Students of the coup d’état of 1922 will be interested in the following letter, which appeared in the Freeman’s Journal of 5 August 1922 under the headline “Irregulars’ Eager Allies | Policy of the Communist Party of Ireland.” The following excerpts from The Workers’ Republic of 28th July—the “official organ […]
Tag: Communist Party of Ireland
One of the most common attacks against us by anti-communists, in Ireland and elsewhere, is that communist parties were little more than “pawns of Moscow.” This line of attack was used against the CPI, both by the right and by some on the so-called left, in an effort to use establishment anti-Sovietism as well as to paint the party as…
In Ireland, just like elsewhere, our movement stands in front of a seemingly impenetrable wall: the great wall of capital. The unfortunate reality is that we are even further from tearing it down than we were a hundred years ago, when the last revolutionary high point of Irish history was […]
Statement by the Communist Party of Ireland 28 February 2021 The scenes in Dublin city centre yesterday [Saturday 27 February] should come as no surprise to anyone. The reactions to the violence of the state were as could be expected, as were the weasel words of condemnation by establishment politicians. […]
Over the recent period a serious rupture in the longstanding political relationship between the Communist Party of Ireland (CPI) and the Connolly Youth Movement (CYM) has taken place when…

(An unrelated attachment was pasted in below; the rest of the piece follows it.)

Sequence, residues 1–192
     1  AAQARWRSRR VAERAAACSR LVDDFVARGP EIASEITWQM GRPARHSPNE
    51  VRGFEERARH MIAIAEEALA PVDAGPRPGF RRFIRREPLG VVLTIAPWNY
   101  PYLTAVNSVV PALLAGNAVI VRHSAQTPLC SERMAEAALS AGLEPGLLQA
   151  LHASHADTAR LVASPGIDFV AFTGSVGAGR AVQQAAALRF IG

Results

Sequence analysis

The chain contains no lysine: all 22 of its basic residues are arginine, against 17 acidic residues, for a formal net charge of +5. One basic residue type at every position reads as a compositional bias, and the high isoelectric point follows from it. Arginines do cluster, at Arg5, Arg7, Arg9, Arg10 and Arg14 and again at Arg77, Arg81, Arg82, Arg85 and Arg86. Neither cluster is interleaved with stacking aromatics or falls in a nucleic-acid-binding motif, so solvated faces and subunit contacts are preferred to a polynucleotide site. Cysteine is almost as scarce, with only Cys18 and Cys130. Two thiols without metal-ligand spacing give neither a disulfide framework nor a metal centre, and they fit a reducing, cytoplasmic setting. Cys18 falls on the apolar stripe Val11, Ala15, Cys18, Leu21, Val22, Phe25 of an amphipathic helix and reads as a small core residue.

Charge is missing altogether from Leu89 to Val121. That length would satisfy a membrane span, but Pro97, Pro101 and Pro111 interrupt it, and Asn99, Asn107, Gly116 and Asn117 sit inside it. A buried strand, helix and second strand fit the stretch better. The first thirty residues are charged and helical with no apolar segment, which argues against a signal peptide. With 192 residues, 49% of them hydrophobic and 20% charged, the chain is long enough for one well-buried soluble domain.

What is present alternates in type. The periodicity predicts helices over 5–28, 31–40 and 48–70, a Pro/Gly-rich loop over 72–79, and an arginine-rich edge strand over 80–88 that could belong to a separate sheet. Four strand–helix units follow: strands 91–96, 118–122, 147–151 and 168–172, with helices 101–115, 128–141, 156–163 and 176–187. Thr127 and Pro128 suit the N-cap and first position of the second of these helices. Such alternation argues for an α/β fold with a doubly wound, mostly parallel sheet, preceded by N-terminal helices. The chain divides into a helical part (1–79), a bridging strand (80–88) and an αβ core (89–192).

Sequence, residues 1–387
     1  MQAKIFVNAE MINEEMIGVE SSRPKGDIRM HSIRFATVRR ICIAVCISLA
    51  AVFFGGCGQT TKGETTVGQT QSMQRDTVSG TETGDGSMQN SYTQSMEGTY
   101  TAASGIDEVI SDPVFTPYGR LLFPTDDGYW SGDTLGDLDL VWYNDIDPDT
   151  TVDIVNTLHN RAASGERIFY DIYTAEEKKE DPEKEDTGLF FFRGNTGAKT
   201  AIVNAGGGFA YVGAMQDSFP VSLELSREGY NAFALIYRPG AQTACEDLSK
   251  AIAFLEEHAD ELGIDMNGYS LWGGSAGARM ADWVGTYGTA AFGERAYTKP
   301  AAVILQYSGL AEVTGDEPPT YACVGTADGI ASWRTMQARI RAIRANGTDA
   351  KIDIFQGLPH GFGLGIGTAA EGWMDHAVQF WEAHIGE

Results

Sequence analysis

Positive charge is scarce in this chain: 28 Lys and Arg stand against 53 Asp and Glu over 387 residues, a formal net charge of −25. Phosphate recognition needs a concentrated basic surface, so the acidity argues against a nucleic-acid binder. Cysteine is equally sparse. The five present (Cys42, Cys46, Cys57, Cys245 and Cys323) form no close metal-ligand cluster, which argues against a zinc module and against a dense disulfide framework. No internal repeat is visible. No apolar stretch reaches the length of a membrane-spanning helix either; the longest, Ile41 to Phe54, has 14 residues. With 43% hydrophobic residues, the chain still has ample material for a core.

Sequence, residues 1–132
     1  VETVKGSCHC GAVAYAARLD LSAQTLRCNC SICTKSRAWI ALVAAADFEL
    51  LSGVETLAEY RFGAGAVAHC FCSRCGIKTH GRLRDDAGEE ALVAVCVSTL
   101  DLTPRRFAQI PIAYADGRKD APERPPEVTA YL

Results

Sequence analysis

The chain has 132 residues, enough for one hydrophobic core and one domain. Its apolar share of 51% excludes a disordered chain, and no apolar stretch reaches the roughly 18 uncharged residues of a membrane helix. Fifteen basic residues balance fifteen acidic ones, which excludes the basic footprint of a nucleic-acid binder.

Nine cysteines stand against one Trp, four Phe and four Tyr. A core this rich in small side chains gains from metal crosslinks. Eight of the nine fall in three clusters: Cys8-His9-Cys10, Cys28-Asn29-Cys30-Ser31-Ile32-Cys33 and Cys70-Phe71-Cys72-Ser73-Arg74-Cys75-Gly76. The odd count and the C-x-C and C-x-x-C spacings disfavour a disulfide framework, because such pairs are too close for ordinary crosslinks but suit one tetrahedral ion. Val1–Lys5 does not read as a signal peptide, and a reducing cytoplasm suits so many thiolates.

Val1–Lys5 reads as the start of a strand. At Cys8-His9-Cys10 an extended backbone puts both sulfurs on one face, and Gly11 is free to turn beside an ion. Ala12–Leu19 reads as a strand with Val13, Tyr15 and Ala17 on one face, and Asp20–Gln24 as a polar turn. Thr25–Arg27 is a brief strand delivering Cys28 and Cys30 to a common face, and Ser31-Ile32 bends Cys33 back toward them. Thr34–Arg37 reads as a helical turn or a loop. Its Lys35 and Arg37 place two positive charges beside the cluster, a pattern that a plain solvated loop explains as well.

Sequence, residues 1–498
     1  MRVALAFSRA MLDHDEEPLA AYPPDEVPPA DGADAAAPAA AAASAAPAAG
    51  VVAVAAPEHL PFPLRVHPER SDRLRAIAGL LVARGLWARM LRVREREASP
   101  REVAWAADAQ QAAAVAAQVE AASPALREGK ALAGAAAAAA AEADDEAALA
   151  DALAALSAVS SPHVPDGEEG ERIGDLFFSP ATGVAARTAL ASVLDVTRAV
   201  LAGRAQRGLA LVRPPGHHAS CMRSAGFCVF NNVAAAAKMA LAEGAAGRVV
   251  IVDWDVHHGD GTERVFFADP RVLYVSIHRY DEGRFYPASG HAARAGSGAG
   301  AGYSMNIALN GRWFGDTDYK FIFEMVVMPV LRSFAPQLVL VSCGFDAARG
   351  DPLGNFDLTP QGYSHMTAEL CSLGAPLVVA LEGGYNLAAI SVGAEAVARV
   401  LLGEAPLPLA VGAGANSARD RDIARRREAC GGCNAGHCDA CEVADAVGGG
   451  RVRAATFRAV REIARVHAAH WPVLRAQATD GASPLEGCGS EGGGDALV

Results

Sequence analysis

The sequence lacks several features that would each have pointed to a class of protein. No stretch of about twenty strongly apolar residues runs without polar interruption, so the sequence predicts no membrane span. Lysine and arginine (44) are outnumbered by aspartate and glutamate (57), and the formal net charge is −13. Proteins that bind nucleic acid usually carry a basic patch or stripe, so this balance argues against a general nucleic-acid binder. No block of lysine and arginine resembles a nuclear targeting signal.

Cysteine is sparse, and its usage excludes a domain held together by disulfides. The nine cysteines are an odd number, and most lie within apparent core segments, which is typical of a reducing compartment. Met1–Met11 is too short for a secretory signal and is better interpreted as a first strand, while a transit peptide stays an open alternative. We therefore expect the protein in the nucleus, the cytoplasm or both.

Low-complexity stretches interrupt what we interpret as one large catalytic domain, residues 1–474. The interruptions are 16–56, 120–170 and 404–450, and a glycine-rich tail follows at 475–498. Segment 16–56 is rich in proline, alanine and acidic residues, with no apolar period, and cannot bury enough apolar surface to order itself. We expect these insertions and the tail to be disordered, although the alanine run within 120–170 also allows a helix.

The Communist Party of Ireland has, time and time again, shown its analysis of capitalism and imperialism to be correct. Where we have been able to intervene and make a contribution to the wider political movements, debates and campaigns we have actively intervened in what were popular reformist demands, shifting them to transformative ideas and demands, in a number of crucial areas: (1) repudiating the debt,
(2) austerity is working, (3) the triple lock of imperialism, (4) public ownership of water enshrined in the Constitution,
(5) universal public housing, and (6) repeal of the Industrial Relations Act, to name a few. Eoghan O’Neill reports
■ Francis Devine and Patrick Smylie (editors), Left Lives in Twentieth-Century Ireland, vol. 3: Communist Lives, Dublin: Umiskin Press, 2020. The Communist Party of Ireland will celebrate a hundred years of Irish communism in 2021. This book is a welcome contribution to the centenary of the party. After the counter-revolutions […]
AS WE ENTER a new decade, the real living conditions of working people continue to decline; profits are up, which means exploitation is intensifying; large numbers of working families rely on family income supplement—the state’s subsidy on behalf of low-pay employers—to survive.
Sebastian Patrick Stroie (2002–2019)
The recent CPI national school on 21–23 June began with the national chairperson giving a good introduction, which was followed by a brief talk on Irish history, with a different slant on the roles played by the state and its allies the church and its sycophantic followers.
Questions were posed to the audience about how we can change the tide of political discourse and about recent phenomena